Almost every piece that Wuhan-born, New York-based fashion designer Terrence Zhou releases becomes an Internet moment. As the name of his two-year-old fashion label, Bad Binch Tong Tong—a clever combination of his name and a moniker given to him by school friends—suggests, the Parson’s alumnus’s creations are outré, larger than life and perhaps most importantly, a testament to designing for form over function. “Fashion is usually seen as something that people wear and that is functional. A lot of the time, I find excitement in creating things that people think might be impossible to put on,” he shares.
Case in point? Zhou’s balloon gown which has been worn by the likes of Rina Sawayama and Christina Aguilera. Even more show-stopping is his newly launched octopus dress that brings to mind Disney villainess, Ursula, offset with the label’s equally attention-grabbing accessories such as a silver spider ring. And Zhou’s penchant for maximum impact doesn’t end in the physical realm, either. In the digital fashion sphere, fans can own iridescent mermaid tails and test drive his bold looks online, too. Here, the designer lets us in on his foray into NFTs, staying true to one’s self as well as what’s next.
What were you like growing up?
I grew up in Wuhan, China. I came to the US when I was 17 to pursue a bachelor of science degree. After two years, I transferred to Parsons to study fashion. I graduated in 2020 during the height of the pandemic and then I launched my brand in the same year. I guess growing up I was bold and fearless. I still have that. I always listen to my own intuition.
What are some of your earliest memories of fashion?
As a kid, I did not spend a lot of money on fashion. I still don’t spend a lot of money on fashion. I do love the creation part, though. I remember I had plenty of ambitious projects in mind and that I wanted to make a swing that hung off a tree. My uncle was really good at physics and mathematics and so I’d talk to him to realise these ideas. This part of my life has had a huge impact on me.
Your brand is called Bad Binch Tong Tong. What does that mean?
My real name is Tong. When I was in school, I used to get into fights with people and I was seen as a bad, rebellious student. I also used to say things that could be interpreted as being sassy, aggressive, but kind of funny at the same time, so some of my friends started calling me a “bad b****”. The word ‘binch’ is a play on that. My brand name came down to choosing between Bad Binch Tong Tong or Terrence Zhou. And anybody can be Terrence Zhou.
It’s clear you have a multidisciplinary approach to design.
‘Multidisciplinary’ is a word I use for people looking to understand what I do. The underlying message is that I love to try different things. I like to design with impossibilities in mind and I’m constantly challenging what is functional and wearable. It’s like a philosophy of life, like studying mathematics. For me, mathematics is a system and it’s how I cope with life and problems when they come. For example, when it comes to inverse functions, like y equals one over x, I find it very interesting because the curve always approaches the x-axis and y-axis, but they never touch. To me, that particular element is so romantic and has been translated into my design language.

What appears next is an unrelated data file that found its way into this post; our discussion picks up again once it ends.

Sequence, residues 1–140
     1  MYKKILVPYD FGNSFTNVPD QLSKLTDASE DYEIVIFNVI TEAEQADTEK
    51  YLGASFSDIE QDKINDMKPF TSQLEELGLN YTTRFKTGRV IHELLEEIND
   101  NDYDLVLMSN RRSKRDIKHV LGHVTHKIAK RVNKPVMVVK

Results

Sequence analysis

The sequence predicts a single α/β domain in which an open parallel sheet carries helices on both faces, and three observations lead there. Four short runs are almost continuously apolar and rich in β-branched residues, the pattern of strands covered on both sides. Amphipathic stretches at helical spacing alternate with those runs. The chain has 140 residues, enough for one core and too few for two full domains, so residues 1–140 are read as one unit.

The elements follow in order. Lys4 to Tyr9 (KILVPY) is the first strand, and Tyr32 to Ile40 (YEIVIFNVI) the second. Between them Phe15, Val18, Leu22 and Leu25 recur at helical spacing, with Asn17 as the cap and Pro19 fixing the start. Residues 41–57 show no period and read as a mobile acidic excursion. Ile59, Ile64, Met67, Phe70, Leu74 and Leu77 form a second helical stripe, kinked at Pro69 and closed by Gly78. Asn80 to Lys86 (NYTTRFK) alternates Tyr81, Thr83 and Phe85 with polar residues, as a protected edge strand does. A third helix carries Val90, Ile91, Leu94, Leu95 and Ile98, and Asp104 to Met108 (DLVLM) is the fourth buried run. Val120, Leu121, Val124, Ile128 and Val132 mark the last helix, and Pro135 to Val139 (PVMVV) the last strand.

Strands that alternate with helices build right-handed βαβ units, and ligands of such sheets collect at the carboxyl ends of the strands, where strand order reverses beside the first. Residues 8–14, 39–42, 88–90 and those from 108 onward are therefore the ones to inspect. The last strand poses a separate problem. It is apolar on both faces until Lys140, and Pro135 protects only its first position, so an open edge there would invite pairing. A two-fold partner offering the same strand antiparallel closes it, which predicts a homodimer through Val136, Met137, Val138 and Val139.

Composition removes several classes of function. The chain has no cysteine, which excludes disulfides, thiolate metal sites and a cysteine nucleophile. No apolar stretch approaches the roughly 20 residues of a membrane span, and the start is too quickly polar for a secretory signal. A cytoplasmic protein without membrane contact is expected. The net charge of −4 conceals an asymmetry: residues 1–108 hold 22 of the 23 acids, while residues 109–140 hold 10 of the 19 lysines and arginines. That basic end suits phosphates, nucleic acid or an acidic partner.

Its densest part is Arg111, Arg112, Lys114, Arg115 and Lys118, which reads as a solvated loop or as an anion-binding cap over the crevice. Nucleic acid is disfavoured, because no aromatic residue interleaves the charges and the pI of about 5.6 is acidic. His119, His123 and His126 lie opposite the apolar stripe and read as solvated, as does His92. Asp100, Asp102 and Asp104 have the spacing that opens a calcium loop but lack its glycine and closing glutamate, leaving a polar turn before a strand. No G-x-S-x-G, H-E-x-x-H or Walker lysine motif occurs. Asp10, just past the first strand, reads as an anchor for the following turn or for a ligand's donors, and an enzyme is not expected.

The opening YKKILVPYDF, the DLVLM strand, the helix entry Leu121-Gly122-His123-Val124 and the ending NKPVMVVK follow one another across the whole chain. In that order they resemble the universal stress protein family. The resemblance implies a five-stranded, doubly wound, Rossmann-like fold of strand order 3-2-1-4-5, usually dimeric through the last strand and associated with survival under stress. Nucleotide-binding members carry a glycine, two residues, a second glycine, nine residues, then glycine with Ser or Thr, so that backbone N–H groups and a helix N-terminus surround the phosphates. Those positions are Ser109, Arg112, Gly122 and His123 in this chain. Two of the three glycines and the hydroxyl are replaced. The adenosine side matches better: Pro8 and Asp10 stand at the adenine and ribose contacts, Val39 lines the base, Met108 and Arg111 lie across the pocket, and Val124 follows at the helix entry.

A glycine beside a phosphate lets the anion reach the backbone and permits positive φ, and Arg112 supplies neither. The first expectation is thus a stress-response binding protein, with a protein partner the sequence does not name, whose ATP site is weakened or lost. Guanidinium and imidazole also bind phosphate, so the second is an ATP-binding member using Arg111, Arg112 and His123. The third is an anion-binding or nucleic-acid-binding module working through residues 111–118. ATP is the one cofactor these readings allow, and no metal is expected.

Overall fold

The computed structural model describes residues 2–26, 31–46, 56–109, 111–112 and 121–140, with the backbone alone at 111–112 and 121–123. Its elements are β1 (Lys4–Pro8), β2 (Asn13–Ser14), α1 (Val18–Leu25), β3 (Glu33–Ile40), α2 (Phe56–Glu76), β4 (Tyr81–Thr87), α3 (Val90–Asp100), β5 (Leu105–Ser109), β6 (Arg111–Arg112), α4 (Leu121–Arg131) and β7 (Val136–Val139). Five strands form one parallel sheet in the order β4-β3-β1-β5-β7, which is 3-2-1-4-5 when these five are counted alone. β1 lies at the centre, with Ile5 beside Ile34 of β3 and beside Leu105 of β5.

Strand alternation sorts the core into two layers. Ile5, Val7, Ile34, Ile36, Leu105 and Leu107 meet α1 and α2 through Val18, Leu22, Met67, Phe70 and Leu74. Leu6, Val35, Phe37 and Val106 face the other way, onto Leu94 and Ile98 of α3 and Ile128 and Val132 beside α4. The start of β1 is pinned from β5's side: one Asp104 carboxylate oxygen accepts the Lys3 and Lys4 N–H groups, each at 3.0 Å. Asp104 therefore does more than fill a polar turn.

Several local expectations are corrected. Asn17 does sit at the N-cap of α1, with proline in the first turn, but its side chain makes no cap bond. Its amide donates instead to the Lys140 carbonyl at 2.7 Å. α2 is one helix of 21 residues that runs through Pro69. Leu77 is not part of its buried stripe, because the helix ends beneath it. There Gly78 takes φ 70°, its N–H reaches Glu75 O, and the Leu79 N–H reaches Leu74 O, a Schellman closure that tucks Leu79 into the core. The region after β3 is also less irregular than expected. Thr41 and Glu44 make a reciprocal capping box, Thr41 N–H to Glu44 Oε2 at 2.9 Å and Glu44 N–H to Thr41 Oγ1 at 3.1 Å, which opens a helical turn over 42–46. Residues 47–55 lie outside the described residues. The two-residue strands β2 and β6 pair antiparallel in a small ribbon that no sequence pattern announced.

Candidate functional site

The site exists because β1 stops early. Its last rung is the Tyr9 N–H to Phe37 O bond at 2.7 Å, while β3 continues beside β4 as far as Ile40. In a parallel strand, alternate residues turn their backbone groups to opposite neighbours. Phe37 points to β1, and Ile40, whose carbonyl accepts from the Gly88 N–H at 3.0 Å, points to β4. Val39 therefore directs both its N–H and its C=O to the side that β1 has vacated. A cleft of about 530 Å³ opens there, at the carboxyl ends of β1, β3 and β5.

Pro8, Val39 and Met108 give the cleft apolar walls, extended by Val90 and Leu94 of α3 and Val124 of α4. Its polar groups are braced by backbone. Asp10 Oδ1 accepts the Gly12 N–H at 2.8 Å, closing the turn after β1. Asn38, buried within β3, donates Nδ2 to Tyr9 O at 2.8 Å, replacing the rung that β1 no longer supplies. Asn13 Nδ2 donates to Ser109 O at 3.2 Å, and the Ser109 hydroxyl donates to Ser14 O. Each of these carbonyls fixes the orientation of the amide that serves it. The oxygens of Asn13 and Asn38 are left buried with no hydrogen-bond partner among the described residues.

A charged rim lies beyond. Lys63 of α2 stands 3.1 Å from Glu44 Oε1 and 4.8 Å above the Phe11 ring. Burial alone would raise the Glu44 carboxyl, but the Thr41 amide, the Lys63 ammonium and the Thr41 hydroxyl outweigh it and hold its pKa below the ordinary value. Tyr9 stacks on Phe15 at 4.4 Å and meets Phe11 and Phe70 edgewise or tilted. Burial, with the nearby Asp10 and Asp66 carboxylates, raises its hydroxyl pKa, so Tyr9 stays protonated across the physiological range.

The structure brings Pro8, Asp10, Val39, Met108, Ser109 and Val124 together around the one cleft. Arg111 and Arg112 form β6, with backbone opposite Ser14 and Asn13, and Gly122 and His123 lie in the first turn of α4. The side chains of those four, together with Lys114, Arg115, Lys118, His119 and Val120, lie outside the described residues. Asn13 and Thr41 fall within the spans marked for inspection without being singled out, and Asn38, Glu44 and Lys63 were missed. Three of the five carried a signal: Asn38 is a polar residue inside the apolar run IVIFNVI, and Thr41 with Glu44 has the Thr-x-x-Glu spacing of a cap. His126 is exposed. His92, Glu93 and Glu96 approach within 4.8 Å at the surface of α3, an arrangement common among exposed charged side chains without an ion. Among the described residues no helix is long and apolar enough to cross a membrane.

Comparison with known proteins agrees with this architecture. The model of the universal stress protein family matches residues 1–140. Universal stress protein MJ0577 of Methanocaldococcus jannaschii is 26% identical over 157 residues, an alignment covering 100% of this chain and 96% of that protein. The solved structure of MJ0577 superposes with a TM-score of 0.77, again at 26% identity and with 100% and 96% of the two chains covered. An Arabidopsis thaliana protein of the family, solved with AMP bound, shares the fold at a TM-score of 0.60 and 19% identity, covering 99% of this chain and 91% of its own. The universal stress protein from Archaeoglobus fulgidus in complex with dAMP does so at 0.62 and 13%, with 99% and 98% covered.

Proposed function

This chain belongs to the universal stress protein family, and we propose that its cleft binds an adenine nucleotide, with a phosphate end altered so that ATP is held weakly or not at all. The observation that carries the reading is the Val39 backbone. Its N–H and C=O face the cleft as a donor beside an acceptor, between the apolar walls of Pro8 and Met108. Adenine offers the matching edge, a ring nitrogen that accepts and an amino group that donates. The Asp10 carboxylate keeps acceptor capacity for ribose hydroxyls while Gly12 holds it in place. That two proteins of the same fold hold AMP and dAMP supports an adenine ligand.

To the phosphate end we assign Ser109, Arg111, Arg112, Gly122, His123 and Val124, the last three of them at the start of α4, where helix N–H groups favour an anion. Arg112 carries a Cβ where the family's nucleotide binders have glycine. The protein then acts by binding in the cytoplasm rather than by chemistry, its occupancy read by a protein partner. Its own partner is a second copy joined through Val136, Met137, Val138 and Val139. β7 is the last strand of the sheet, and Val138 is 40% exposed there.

“I like to design with impossibilities in mind and I’m constantly challenging what is functional and wearable.”
How would you describe Bad Binch Tong Tong’s new pieces? What can one expect?
The world of fashion has become more immersive and [things are happening in] real time, so I have never designed by collections. When I design something new, I release it immediately.
Do you feel your lived experience as an Asian designer informs your work in any way?
China has a long history of art and culture. I’m never directly inspired by my identity, rather, I feel that the cultural aspect is already entrenched in my DNA when I make my decisions. For example, in Western culture, sadness is seen as something to be avoided. In Chinese culture, sadness is celebrated; it is seen as the highest of emotions. And when I feel those emotions, I turn them into the power of creation. I always want people to see my work first and then realise that I’m a Chinese designer.
You have also dabbled in the NFT space. Tell us more.
I am a huge believer of storytelling and becoming more and more immersive. Fashion as a physical medium has many limitations. Now, fashion has benefited from how NFTs have been set up and people are developing an ecosystem for the arts. People want to express themselves online and that is a huge part of our lives now. We’re looking for authenticity online. My NFT collection has launched on Dematerialised, which is one of the biggest Web3 fashion marketplaces, in collaboration with Xtended Identity. For me, NFTs are a game changer to build our own fashion community and re-establish the concept of ownership.
Who would you love to dress next?
I’ve dressed Karlie Kloss, Olivia Rodrigo, Camila Cabello and Asian supermodels like Ju Xiaowen and Liu Wen. I have also dressed Kirsten Dunst and Christina Aguilera. I don’t have any plans of who’s next, but if there’s one person, I would say that’s Kim Kardashian (laughs). I love Kim so much. I have watched all her interviews and I love her whole family, basically.
Photography Don Brodie
Styling Taylor Kim
Hair Rei Kawauchi
Make-up Aimi Osada
Casting director Larissa Gunn
Photographer’s assistant Theo Samuels
Production assistant Aaron Ortiz
Model Jiashan Liu/Identity
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